Today, I was walking along a somewhat narrow sidewalk in Century City. Now, this sidewalk wasn’t as bad as a lot of the ones in Hollywood, where you can barely squeeze two people across. There was easily enough space for four people to walk side-by-side comfortably. But here’s a little thing about sidewalk etiquette: when you’re in a group walking four-wide, and the sidewalk can only fit four people, your entire group consists of big fucking douchebags. This only changes if you, seeing somebody coming from the opposite direction (or being aware enough to know people are approaching you from behind), make room for the other pedestrians.
Having been in LA for several weeks and accustomed myself to the self-absorbed nature of this town, I’ve pretty much gotten used to this kind of thing. It’s not quite as annoying as people who very slowly merge into lefthand turn lanes and make me miss a green light, but it’s pretty irritating. Here’s how I’d handle it back in Chicago: as I approached the person nearest me, I’d slam into them with my shoulder, intentionally whacking them a little harder than necessary. I’m not sure this is a “Chicago thing,” per se. I’m just not a very nice person, and I believe very strongly in certain types of human decency.
But here’s how I’ve handled it here so far: I shy away and walk in the grass, or stand around like an idiot and wait for them to pass me, then resume my walk. This has happened to me almost every time I’ve been out walking (which hasn’t been often, thanks to this sprawling horror of a city), but why do I shy away from being as rude (ruder?) to them as they are to me? Because of the Columbia College mantra: “When you’re in LA, don’t piss anyone off, because they could be your boss someday.”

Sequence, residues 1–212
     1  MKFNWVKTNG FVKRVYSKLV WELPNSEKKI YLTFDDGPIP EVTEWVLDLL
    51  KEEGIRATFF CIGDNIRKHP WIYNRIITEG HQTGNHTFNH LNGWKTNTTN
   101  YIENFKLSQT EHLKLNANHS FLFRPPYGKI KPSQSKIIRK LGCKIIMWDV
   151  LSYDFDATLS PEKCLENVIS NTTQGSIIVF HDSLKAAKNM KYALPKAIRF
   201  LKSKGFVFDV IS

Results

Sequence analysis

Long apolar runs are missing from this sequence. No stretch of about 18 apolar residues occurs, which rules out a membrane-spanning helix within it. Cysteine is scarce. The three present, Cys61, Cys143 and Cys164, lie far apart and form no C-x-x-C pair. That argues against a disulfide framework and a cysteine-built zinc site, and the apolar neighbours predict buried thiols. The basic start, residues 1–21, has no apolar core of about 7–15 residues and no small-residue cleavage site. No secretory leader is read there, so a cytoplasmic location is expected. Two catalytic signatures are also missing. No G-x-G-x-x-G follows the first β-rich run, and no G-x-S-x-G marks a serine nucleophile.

Back to today: I was walking, fresh cup of coffee in tow, to my car, when in the opposite direction came a four-wide group of yuppies eating ice cream and having an enjoyable conversation about, I assume, money and the virtues of capitalism. As I approached, the person on the end nearest me looked away from the conversation, looked right at me—directly into my eyes, even—then turned back to the conversation. He didn’t move or swerve to avoid me; no, I ended up in the grass, again, in order to avoid him and not spill my coffee.
I stood there for a moment, my “Hulk smash”-style rage boiling. I turned around and looked at their backs as they continued to walk in that “la-de-da, I’m so great” way, and I made a decision: fuck every single one of them. I’m sick of being a less-than-nothing toad. If, someday, I’m a candidate for a job and I happen to run into a guy that I smashed into and spilled both coffee and ice cream on, and he recalls the incident and refuses to hire me—fuck him, because I don’t want to work with people like that anyway.
More importantly, that led me to the decision that I’ll be who I am, because being that person is way better than being the monkey-boy to some fucking tan surfer dude. Will it lose me jobs? I don’t think so. You know why? Three cubicles away from me, the assistant to a lawyer sits there and screams at his boss all day long (his boss screams back). He is who he is, and he’s making a living, and they have a mutual respect for one another because the lawyer wants to be a ball-buster but the assistant will not allow his balls to be so thoroughly decimated.
So there you have it: I’ll bottom out in a year and return to Chicago.